Glen Canyon National Recreation Area

Environment
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Glen Canyon National Rec Area
Glen Canyon National Rec Area (courtesy, NPS)

The spectacular landscape dominating this canyon country is the product of eons of geologic activity: shifting of continents, global rising and falling of sea levels, and creation of highlands now worn and redeposited. At times, desert dominated the landscape; sometimes, freshwater or saltwater seas invaded, leaving rivers to erode the most recently deposited layers. Prevailing winds abetted the process. Periods of erosion account for missing rock strata, layers appearing elsewhere in sequence. The last uplift of the Colorado Plateau began about 60 million years ago. Uplift made meandering streams of the Colorado River run faster and cut the canyons that are Lake Powell's basin. Navajo sandstone, the dominant formation, is made of sand dunes hardened by pressure from deposits above them. The deposits eventually wore away and exposed today's sandstone. Other layers contain sea-deposited sediments; still others hold fossils of land or marine organisms that lived millions of years ago. Petrified wood and fossils of dinosaur bones, seashells, and small sea creatures are found in several rock strata in this area.

Wildlife: Animal inhabitants include coyotes, foxes, rats, mice, lizards, and insects. In startling contrast, shaded spring-fed alcoves in side canyons provide suitable habitat for deer and beaver, ferns and sedges, reeds and cattails, and cottonwoods and willows. Ravens, eagles, hawks, owls, sparrows, and swallows are regular residents of the canyon country, where canyon wrens sing their unforgettable song.

The rather sterile appearance of canyon country belies the wealth of animal life that it hosts. Blacktailed jackrabbits, ravens and other birds, and a variety of small lizards are the most common animals encountered. Watch for collared lizards, which are very patient and offer unusual photo opportunities.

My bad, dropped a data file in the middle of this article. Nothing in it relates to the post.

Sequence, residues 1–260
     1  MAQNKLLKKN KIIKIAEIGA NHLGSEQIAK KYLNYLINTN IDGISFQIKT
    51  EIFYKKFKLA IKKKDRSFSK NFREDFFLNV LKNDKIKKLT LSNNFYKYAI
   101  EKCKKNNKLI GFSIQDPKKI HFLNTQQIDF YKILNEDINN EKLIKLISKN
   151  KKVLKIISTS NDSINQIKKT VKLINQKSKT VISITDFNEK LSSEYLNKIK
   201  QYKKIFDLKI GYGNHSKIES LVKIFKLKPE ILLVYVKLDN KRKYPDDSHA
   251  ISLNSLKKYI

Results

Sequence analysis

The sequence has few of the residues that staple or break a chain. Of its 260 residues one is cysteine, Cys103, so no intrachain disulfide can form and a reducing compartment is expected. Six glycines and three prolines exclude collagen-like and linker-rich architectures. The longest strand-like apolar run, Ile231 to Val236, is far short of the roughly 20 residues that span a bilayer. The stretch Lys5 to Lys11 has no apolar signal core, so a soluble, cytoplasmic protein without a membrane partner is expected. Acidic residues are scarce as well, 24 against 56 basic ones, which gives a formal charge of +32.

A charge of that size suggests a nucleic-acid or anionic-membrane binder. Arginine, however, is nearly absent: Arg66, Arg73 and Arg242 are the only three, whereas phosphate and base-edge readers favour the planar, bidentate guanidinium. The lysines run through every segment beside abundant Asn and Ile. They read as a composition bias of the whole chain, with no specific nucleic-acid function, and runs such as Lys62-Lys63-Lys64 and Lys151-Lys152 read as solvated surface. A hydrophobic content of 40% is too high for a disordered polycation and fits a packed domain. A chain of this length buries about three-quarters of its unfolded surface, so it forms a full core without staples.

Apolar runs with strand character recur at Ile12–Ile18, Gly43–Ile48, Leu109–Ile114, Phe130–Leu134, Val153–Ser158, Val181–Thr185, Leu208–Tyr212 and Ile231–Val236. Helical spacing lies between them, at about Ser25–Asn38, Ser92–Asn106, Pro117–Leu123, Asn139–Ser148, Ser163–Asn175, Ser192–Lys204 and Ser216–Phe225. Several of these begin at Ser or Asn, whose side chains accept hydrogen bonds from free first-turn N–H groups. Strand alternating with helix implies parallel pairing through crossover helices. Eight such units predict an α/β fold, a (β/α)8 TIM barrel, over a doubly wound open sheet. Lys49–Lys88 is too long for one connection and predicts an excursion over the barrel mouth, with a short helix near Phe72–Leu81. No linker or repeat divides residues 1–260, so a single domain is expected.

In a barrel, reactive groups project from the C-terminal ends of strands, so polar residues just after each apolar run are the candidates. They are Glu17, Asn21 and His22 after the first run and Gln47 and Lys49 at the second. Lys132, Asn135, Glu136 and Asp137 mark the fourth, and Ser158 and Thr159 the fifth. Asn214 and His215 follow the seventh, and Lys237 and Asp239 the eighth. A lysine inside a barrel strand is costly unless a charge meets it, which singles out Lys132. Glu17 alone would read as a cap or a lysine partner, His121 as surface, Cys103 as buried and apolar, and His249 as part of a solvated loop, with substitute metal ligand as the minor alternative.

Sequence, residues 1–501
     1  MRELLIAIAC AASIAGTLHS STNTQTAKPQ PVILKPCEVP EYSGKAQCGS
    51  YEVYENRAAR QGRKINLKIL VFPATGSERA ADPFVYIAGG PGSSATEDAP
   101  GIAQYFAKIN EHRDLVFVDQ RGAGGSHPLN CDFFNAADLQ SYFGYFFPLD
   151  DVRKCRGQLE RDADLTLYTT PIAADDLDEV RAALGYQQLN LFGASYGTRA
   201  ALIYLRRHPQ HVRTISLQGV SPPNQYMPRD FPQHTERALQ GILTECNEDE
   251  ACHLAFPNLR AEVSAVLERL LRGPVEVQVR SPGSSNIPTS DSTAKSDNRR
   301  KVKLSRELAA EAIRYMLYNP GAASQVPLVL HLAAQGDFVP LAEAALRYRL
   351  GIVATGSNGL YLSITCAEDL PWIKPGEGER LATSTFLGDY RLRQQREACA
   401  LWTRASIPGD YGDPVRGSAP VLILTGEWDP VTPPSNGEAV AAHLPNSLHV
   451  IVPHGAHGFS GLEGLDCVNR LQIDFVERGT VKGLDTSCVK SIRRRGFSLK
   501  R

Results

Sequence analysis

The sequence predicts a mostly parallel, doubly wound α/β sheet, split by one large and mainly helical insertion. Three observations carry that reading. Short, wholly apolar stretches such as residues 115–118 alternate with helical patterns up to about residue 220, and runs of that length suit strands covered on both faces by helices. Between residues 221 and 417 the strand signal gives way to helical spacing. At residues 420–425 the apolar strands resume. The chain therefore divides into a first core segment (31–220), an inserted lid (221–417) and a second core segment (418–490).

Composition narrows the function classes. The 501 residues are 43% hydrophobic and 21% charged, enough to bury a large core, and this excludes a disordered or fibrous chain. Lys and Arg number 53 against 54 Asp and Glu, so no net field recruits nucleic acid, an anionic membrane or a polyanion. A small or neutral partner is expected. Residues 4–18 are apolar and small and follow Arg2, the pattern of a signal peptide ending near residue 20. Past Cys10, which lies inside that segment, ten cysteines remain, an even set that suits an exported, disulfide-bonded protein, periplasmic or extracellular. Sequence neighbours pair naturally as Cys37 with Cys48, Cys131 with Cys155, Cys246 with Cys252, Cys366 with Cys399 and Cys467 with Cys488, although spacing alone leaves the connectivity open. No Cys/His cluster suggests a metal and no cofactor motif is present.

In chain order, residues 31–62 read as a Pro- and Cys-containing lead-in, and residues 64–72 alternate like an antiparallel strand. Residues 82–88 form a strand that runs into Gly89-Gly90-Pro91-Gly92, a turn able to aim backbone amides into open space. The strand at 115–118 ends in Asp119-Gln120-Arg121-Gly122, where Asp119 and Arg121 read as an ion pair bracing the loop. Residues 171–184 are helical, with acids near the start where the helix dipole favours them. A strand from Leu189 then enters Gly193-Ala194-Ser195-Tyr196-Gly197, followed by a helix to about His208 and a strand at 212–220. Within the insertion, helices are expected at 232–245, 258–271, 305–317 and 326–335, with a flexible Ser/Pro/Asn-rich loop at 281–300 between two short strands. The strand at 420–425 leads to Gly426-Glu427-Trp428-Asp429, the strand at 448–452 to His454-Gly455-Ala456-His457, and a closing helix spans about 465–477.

Large mammals, such as mule deer, beaver, and coyotes may be spotted occasionally. A small population of desert bighorn sheep inhabit the rugged canyons and slickrock mesas east of the river, but they are rarely seen.

While not frequently seen, scorpions and rattlesnakes are present. The best precautions against an unpleasant experience are to avoid reaching into piles of leaves or under logs or rocks and to check your boots and pack before putting them on each morning.

Wildflowers: Most plants and animals found here are typical of desert species. Cactus, yucca, blackbrush, rabbitbrush, and grasses dominate desert plant communities. Spring or summer precipitation prompts sand lilies, fleabane, evening primrose, lupine, Indian paintbrush, and globe mallow to bloom. Pinyon and juniper trees grow at higher elevations. Plant communities vary from pinyon-juniper woodlands in higher elevations to riparian zones where Fremont cottonwoods and willows predominate. In between are blackbrush/Indian rice grass, shadscale, and sagebrush communities. Among the most unique sights are the "hanging gardens" found clinging to sandstone walls where seeps provide plentiful water. Delicate maidenhair fern is the most common plant found here.

Springtime presents delightful opportunities to photograph and enjoy such wildflower species as the claret cup, cliffrose, and Fremont barberry, while shooting stars, scarlet gilia, and bearded beardtongue bloom through the summer.


Published: 29 Apr 2002 | Last Updated: 15 Sep 2010
Details mentioned in this article were accurate at the time of publication

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